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Oct 10, 2006 07:01 PM

Adventurous vs. Risk-Averse: who's the "foodie"?

I've been participating in a thread over on the LA Board, about a restaurant in Pasadena, and one of the most recent posters said that she was reluctant to try it because "I'm a serious foodie and I hate being disappointed". My immediate reaction to that was "How can you be that serious if you aren't willing to risk disappointment?" though I didn't say that in so many words, as that was not the proper forum.

So, boys and girls, can one be a truly dedicated foodie, Chowhound, gourmand or whatever, and still be reluctant to try something you might not like? Or which, heaven forbid, might fall short of your expectations? My attitude is that this is like claiming to be a serious cyclist while refusing to take off the training wheels. Am I being harsh here?

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  1. Which thread on the LA board is that? musta missed something.

    The serious foodie is the adventurous one, the one who is willing to experience ups and downs with food.
    But having said that, there are practical limitations. If I had unlimited cash, I'd try most places at least once. But I don't, so do I want to spend $ at a place that I'm pretty sure I won't like or spend the same $ to try a place I think I'd like, or know I like.

    4 Replies
    1. re: slacker

      What is a Chowhound?

      A Chowhound is someone who spends nearly every waking moment planning her or his next meal. Whether eating in a white-tablecloth restaurant or grabbing takeout on the way to work, Chowhounds hate to ingest anything undelicious. They won't hesitate to go far, far out of their way for even slightly better.

      Isn't that the same thing as a foodie?

      No. Foodies eat where they're told. They lap up hype about the “hot” new restaurant/cookbook/ingredient. They’ll explore unfamiliar neighborhoods, but only with their Zagat securely in hand.

      1. re: Robert Lauriston

        I never made that distinction between the two terms in my mind, and won't. I view the two terms as synonymous. But I don't really care for the term "chowhound" so choose not to use it. So my view of "foodie" is your view of "chowhound." As to your definition of "foodie," I would call those people dilettantes. It's all diction.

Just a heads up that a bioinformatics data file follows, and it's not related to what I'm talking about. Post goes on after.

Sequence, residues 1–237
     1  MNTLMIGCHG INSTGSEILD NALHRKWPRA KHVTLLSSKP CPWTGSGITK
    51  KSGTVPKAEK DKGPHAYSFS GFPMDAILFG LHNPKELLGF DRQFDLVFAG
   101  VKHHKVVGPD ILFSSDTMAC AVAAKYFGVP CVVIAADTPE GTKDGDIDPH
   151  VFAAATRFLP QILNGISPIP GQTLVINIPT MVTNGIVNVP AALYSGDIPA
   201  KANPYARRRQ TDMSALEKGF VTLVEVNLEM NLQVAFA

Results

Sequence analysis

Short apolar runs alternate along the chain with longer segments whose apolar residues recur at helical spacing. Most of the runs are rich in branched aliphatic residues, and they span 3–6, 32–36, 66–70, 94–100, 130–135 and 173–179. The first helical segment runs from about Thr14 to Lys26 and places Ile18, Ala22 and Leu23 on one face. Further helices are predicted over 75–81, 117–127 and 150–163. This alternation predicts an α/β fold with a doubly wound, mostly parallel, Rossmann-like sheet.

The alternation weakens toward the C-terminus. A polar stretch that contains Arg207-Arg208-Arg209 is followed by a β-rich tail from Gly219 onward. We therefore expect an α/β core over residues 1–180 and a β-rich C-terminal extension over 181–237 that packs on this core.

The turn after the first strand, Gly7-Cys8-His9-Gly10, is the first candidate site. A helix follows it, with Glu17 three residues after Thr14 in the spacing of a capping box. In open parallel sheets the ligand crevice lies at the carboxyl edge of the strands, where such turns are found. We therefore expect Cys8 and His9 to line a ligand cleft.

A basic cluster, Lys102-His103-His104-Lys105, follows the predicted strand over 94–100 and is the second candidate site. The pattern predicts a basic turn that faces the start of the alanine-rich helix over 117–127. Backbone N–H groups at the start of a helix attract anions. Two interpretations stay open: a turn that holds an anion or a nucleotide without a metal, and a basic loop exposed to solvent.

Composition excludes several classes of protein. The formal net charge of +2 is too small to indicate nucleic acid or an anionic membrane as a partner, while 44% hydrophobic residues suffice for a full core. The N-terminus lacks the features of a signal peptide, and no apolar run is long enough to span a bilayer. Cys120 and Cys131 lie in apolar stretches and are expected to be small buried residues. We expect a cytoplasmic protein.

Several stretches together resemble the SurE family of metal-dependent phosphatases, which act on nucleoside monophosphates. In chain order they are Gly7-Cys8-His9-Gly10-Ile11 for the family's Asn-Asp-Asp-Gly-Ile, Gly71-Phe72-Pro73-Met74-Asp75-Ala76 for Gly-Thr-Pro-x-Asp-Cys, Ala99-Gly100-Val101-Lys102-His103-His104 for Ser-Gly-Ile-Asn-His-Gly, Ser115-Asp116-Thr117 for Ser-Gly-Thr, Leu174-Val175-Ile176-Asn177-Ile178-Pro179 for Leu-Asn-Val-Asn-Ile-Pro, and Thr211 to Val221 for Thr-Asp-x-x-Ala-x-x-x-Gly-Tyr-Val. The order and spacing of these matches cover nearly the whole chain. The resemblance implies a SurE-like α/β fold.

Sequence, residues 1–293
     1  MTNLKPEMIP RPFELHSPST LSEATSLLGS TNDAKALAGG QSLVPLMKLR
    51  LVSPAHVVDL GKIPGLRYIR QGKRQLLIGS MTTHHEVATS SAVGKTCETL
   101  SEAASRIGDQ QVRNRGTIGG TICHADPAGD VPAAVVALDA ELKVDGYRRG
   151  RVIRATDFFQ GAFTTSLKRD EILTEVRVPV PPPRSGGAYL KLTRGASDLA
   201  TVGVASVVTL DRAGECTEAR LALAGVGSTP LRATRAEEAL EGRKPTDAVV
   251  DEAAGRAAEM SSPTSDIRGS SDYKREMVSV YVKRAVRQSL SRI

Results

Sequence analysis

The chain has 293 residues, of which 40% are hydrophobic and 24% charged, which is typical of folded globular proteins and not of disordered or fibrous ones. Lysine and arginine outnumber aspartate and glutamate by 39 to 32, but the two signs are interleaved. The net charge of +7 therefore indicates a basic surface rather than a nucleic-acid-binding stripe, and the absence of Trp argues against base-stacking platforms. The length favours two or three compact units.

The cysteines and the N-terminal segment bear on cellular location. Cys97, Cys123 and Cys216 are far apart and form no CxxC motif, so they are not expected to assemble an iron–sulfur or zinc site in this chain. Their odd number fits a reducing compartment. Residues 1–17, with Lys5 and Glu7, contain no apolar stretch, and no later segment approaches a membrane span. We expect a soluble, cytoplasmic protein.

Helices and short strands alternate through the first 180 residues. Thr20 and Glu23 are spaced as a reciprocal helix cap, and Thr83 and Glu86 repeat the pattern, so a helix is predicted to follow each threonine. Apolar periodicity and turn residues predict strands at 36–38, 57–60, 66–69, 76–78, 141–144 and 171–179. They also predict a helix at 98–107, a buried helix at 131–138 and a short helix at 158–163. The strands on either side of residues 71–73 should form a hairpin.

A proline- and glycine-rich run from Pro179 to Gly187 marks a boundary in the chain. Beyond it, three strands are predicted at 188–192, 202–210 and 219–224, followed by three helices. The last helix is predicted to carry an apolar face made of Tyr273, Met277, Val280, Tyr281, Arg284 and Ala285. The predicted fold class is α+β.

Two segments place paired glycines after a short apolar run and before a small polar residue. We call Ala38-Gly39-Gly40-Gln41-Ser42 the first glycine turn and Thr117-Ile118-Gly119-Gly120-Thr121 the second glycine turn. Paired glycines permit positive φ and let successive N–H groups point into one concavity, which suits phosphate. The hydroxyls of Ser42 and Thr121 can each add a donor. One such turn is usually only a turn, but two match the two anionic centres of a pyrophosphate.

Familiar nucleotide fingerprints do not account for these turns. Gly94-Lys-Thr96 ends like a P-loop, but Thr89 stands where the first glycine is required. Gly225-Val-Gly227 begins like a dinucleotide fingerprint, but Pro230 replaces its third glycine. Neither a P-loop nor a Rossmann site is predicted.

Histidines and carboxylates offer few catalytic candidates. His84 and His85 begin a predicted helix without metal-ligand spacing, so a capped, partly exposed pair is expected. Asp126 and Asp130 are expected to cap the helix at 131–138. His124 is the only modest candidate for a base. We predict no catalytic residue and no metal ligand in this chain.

So yes, a foodie will go far and wide for good food. But will also take risks. If you don't take risks you're not going to know for yourself whether you like it or not, and then you'd just be another dilettante because you'd just be following other people's advice.

        1. re: slacker

          That's not my view, it's Jim Leff's, from the FAQ.

          1. re: Robert Lauriston

            Right, realized that after. But looked like you posted it as your own comments. Saw the link later.

    2. The original comment has been removed
      1. First off, the whole who's a foodie and who's not is an arguement that can't be won or decided. You can debate it but to me it's semi-pointless because at a certain point it goes beyond an interest and hobby and it becomes who's a professional.

        That said, I don't think the key here isn't about who's a foodie (or not) but going out, spending some $$$ and not wanting to be disappointed. As someone mentioned, not everyone is loaded with $$$ and for that matter time. I like food a great deal but I also understand that sometimes I don't want be challenaged, don't always want an adventure and sometimes don't want to be particular if it's an expensive place. Sure if they're little cost, why not take a chance. OTOH, even if I had all the money and time, I'm still not sure I'd just to for adventure sake. I have other things going on that take up time energy. If I had kids I'd tell y'all to jump in a lake about who's a foodie or not.

        1. Taking into account the people who are not necessarily foodies but who just love to be able to say, "I've eaten that," I think that people who are risk-averse are not as dedicated. In my house, my husband will try anything; I am still rather timid but I'm getting there.

          My thinking is that if you don't bet, you can't win. Sometimes in the search of food (or anything else) you're going to be disappointed. That's true of pretty much everything.

          1. You know, this is really interesting, because I tend to be very risk-averse in pretty much every arena of life with the exception of food. I'll try almost anything at least once (actually, probably at least two or three times, just in case the first time it wasn't cooked quite right or in the way that I would like it). I actually get frustrated when I'm eating with people who don't have this view of food and trying things (especially since I like to share), since I feel like it's a little boring. Just recently, actually, I was out to dinner with a friend and we ordered and appetizer to share that neither of us was sure that we would like, but we both ended up loving it, which pleased me.